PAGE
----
Google recently announced they have achieved quantum supremacy — a milestone where quantum computers are proven to be superior to classical computers — with its 53-qubit Sycamore system. Their quantum computer system has performed an operation that would normally require classical computers 10,000 years in 100 seconds. 

IBM later responded by publishing a paper expressing doubts in Google’s claims. IBM’s estimates stake the computational operation performed by Sycamore as 2.5-day worth by classical computers. Still, quantum computing time of 100 seconds is impressive against 2.5 days. 

Regardless, we are now in what many call the second quantum revolution. Google predicts quantum computing technologies will expand at a “double exponential rate,” much faster than the progress in classical computing power.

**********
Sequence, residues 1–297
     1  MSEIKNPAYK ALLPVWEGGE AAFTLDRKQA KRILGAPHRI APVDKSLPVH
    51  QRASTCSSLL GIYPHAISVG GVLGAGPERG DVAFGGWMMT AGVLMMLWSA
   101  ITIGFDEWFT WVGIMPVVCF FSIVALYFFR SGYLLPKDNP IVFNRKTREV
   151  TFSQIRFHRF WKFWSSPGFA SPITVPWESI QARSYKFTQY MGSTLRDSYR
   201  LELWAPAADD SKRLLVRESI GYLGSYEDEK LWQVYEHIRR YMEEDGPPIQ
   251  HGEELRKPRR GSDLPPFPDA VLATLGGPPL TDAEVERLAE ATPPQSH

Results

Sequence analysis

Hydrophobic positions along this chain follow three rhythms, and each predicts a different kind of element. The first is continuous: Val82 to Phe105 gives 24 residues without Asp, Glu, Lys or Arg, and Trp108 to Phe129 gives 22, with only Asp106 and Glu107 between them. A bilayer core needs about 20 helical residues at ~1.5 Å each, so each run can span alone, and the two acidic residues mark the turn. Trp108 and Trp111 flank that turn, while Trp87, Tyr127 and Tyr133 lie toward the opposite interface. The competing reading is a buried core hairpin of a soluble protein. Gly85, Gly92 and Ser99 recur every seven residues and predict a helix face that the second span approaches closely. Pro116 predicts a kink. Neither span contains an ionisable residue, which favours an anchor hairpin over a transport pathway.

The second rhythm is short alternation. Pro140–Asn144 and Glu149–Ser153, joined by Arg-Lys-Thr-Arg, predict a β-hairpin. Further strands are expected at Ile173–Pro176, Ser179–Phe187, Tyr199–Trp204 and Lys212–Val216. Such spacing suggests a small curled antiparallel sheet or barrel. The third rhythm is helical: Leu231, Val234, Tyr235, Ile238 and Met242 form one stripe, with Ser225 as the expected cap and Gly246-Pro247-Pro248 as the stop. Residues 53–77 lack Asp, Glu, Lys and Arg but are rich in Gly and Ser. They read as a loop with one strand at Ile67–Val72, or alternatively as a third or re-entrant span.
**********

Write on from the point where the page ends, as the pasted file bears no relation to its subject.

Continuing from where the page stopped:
So what do we do with quantum computers? 

Quantum computers are especially good at factoring — or to jog your memory, finding all the prime numbers that multiply to a number. This matters because modern security and cryptography rely on the mathematical trap door: it is easy to multiply two prime numbers but difficult to factor the result. 

Your credit card information, for example, is protected by a large number that is a product of two randomly large prime numbers. Factoring this number takes classical computers 100,000 years on average, making it practically impossible to accomplish and ensuring your information is protected. 

This will change when quantum computers become reliable and big enough because it will only take them under eight hours to crack our today state-of-the-art security protocols. 

That said, this is not an immediate threat — back in May, IBM estimated that the commercialization of quantum computers takes three to five years. Even then, it’s unlikely that commercial quantum computers will be powerful enough to crack today’s security protocol. Along with quantum computers, researchers are also designing quantum security, making your information truly and fully secure.